Iowa’s gross domestic product declined in the fourth quarter of 2021 behind weak agricultural performance. It was the second straight quarter of decline after four quarters of growth.

The fourth-quarter report, released Thursday by the U.S. commerce department’s Bureau of Economic Analysis, showed that Iowa’s GDP declined by 2.3% from the previous quarter, the largest decline of any state in the country. Texas saw the largest increase in its GDP at 10.1%. Each of Iowa’s neighboring states, except for Nebraska, saw growth in fourth-quarter GDP, the report showed.

Wisconsin’s GDP grew 6.1%, Illinois saw 5.1% growth in its GDP, Minnesota’s GDP grew by 5%, Missouri had 4.4% growth, and South Dakota’s GDP grew by 0.3% in the fourth quarter. Nebraska’s GDP declined by 0.8% in the quarter. Nationally, the GDP grew at 6.9%.

Despite Iowa’s fourth-quarter decline, the state’s GDP for 2021 grew 6.4%, higher than any of its neighboring states and outpacing the national rate of annual growth of 5.7%

The GDP measures the monetary value of finished goods and services in each state and the country. In quarterly reports, the GDP is expressed in annualized amounts. The monetary value of Iowa’s GDP in the fourth quarter was nearly $180,048 billion.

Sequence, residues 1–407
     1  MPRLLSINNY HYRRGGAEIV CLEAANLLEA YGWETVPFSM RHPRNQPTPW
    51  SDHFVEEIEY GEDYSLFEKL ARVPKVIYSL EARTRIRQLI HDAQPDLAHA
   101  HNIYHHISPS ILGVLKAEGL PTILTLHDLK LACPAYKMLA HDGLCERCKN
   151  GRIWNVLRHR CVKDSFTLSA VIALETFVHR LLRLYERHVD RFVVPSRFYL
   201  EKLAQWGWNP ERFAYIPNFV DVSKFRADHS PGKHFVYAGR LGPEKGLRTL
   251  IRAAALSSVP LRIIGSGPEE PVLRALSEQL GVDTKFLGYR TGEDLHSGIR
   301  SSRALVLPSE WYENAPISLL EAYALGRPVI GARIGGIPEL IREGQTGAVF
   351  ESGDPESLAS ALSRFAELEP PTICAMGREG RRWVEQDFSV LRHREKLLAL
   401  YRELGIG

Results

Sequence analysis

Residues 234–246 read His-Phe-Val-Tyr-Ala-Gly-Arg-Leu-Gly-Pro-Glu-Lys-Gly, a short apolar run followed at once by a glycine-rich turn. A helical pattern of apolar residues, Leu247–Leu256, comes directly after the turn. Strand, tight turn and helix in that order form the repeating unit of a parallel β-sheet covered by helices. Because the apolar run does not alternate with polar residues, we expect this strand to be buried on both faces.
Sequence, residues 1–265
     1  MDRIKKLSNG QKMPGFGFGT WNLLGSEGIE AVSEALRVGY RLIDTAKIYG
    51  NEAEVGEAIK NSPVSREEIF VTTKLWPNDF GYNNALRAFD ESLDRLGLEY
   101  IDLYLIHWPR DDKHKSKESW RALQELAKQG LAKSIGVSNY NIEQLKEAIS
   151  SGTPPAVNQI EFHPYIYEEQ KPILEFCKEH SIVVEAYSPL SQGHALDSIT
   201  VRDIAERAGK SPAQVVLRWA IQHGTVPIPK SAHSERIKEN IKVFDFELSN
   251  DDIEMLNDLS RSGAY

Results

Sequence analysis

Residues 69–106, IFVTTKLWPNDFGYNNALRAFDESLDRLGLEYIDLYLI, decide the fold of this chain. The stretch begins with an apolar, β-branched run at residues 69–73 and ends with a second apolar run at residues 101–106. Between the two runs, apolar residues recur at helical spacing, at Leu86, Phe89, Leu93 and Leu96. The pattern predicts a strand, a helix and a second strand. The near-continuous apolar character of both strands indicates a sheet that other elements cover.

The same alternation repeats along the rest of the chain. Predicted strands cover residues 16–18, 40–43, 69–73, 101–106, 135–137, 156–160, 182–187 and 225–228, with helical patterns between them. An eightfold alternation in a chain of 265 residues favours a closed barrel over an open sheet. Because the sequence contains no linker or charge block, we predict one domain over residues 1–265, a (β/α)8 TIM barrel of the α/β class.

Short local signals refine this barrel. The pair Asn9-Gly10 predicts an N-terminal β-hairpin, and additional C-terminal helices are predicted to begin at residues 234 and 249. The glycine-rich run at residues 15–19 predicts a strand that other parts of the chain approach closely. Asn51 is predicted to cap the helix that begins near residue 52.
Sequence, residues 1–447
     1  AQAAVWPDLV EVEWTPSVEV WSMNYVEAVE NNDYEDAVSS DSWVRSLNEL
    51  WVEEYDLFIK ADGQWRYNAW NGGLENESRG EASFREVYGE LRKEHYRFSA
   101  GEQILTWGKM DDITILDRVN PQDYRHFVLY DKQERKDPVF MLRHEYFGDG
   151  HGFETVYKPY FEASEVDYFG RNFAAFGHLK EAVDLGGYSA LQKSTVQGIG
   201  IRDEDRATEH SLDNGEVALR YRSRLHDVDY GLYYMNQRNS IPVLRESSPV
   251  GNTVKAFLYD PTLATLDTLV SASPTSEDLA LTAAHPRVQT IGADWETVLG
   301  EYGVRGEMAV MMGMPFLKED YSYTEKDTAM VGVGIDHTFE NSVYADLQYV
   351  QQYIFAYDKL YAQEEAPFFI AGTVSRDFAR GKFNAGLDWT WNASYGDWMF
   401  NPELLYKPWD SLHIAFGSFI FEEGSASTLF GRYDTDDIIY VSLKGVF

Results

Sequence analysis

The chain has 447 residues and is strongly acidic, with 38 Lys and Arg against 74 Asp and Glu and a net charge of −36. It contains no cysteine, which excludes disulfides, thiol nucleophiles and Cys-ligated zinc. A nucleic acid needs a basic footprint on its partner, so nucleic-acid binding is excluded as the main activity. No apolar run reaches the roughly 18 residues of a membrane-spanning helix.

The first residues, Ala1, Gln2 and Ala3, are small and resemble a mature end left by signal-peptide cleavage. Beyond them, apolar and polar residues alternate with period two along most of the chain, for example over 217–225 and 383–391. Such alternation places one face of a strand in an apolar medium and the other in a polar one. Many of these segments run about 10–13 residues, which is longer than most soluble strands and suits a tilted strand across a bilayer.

In Iowa, agriculture saw the steepest decline at 6.82%, which was large enough to offset marginal growth in several other industries.

Durable goods manufacturing rose 0.69% in the fourth quarter. Nondurable goods manufacturing rose 1.04%. Retail trade saw 0.44% growth, finance and insurance grew 0.41%, and the arts and entertainment sector grew 0.09%.

Conversely, construction fell 0.48% while accommodations and food service fell slightly at 0.06%.

Chad Hart, an agricultural economist at Iowa State University, said he believes the large decrease in the agricultural sector is a response to projected lower farm net income as a result of increases in expenses, such as seed and fertilizer.

Most of the effect of increased commodity prices was likely felt in the second and third quarters of 2021, while the brunt of increased input costs likely began to be felt by farmers in the fourth quarter, he said.

“Crop and livestock receipts are projected to rise this year, but that gain is less than the combination of ag government support and the gain in ag production expenses,” Hart said.